Alan Kay is one of the earliest pioneers of personal computing, and his research continues today.
At the Utah ARPA Project in 1966, inspired by Sketchpad, Simula, biology and algebra, he invented dynamic object-oriented programming.
In 1967-9 he and Ed Cheadle invented the FLEX Machine, a very early modern desktop machine they called a "personal com-puter". It had a display, a pointing and drawing tablet, a multiple window graphical user interface, and the first object oriented operating system.
During this time he also participated in the design of the ARPAnet, the forerunner of the Internet.
In 1968, after a visit to Seymour Papert's early LOGO work with children, he designed "a personal computer for children of all ages" — the Dynabook — in the form of a very portable notebook, with a flat-screen, stylus, wireless network, and local storage.
At Xerox PARC in the early 70s he invented Smalltalk, which was the first complete dynamic object oriented language, development, and operating system. It is still the leading such system today, especially in the free open-source version called Squeak.
At PARC he was one of the instigators for the first bitmap displays (that all computers use today), and the main inventor of the now ubiquitous overlapping windows, icons, point-click-and-drag user interface.
He was head of one of several groups at PARC that together created much of modern computing, including: the personal com-puter with bitmap display, overlapping windows GUI, WYSIWYG word processing & desktop publishing, object-oriented OS, music synthesis, painting and animation, laser printing, ethernet, client-server (and peer-peer) networking, and parts of the Inter-net.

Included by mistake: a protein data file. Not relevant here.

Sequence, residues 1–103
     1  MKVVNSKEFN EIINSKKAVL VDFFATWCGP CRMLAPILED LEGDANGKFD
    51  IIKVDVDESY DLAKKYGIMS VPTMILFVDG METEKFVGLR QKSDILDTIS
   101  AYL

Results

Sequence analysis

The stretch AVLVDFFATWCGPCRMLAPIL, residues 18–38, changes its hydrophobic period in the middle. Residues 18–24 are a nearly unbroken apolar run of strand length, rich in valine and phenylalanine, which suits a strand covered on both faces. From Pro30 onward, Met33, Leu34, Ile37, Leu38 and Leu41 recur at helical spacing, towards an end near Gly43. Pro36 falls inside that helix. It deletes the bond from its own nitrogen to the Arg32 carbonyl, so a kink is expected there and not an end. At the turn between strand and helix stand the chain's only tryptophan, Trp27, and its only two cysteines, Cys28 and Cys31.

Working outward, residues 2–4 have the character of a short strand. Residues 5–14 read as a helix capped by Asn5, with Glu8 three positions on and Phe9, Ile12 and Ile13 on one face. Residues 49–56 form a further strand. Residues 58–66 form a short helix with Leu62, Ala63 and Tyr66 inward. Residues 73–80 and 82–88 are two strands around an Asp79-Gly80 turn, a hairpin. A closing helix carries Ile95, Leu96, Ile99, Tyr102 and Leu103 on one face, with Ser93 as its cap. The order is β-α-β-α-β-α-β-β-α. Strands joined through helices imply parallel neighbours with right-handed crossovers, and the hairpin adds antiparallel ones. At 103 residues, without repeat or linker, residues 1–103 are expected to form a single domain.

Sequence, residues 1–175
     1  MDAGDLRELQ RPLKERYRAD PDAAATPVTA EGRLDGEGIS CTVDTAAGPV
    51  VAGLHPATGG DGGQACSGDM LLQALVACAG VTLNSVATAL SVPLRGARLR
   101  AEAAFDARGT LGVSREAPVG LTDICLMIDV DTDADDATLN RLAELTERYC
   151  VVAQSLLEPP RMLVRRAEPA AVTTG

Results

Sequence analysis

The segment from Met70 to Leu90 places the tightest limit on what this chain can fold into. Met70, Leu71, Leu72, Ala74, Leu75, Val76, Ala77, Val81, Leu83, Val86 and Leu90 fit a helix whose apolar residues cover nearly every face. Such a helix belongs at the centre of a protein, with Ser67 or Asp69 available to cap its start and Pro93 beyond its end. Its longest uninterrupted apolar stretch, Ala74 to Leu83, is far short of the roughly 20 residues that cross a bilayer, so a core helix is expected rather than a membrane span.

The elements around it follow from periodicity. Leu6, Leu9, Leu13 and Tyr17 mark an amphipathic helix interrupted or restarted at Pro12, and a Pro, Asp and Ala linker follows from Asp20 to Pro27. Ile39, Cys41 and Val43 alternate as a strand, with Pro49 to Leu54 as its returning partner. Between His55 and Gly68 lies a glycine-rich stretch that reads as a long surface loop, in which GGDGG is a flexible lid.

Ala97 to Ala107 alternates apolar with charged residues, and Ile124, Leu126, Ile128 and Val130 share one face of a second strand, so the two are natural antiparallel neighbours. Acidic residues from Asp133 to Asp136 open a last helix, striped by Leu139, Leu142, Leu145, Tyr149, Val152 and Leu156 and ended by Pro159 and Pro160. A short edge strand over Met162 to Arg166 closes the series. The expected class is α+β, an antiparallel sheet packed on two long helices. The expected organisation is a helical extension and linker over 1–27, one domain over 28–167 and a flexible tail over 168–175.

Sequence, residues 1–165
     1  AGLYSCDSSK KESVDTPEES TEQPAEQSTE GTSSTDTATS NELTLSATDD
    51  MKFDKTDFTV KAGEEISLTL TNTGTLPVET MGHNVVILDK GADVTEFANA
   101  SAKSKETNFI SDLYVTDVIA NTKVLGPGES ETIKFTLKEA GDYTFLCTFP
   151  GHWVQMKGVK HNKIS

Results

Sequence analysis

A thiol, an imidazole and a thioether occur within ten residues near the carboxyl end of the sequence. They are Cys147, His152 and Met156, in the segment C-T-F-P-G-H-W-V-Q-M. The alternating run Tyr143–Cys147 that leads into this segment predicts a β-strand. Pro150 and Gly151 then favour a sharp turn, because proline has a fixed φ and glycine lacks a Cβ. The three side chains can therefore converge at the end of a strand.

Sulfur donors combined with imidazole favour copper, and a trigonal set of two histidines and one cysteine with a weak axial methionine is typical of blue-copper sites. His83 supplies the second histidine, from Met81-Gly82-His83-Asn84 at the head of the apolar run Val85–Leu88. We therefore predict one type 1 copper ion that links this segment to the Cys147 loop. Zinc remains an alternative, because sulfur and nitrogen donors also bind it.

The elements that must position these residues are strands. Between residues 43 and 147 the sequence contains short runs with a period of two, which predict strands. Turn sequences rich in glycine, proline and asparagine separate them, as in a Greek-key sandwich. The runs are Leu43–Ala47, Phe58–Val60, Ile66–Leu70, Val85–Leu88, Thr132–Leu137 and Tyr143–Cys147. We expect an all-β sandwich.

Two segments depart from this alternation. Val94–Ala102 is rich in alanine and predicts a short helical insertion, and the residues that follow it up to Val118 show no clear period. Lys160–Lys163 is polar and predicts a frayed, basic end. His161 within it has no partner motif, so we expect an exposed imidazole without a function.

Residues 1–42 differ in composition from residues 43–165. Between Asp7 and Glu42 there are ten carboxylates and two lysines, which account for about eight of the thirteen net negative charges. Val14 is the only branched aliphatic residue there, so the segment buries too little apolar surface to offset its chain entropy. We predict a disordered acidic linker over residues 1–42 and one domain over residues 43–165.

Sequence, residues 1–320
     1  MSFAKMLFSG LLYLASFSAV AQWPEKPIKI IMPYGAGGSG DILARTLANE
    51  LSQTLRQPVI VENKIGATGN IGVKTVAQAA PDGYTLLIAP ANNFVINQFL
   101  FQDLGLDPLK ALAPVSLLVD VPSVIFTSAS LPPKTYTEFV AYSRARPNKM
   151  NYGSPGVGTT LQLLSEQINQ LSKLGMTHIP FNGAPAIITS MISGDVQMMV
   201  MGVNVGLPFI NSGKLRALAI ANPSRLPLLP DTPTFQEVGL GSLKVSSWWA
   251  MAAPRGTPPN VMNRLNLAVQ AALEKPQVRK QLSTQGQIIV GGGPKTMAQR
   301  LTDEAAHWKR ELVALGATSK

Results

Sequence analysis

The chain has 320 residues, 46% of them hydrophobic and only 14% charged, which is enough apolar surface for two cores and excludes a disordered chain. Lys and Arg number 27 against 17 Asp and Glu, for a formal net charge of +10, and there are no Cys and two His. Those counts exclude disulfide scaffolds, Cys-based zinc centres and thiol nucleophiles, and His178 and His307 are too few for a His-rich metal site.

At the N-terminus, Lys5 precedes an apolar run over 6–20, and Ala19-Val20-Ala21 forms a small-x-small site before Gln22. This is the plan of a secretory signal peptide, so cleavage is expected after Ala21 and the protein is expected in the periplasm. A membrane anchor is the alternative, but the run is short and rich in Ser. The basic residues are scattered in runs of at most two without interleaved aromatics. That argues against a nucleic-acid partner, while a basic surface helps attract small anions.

Most of his contributions from 1968 onwards have been the result of trying to invent and test better learning environments, mainly for children.
He has been a Xerox Fellow, Chief Scientist of Atari, Apple Fellow, and Disney Fellow. In 2001 he founded Viewpoints Re-search Institute, a non-profit organization located in Glendale, CA. He recently joined the Hewlett-Packard Co. as a Senior Fellow at HP Labs.
Formal Education: BA in Mathematics and Molecular Biology with minor concentrations in English and Anthropology from the University of Colorado, 1966. MS and PhD in Computer Science (both with distinction) from the University of Utah, 1968 and 1969.
He started in show business as a professional jazz guitarist. Much of his subsequent work combined music and theatrical production. Today he is an avid amateur classical pipe organist.
Honors include: J-D Warnier Prix d'Informatique, ACM Systems Software Award, Computers & Communication Foundation Prize, Lewis Branscomb Technology Award, etc.
He has been elected a Fellow of the American Academy of Arts and Sciences, the National Academy of Engineering, and the Royal Society of Arts.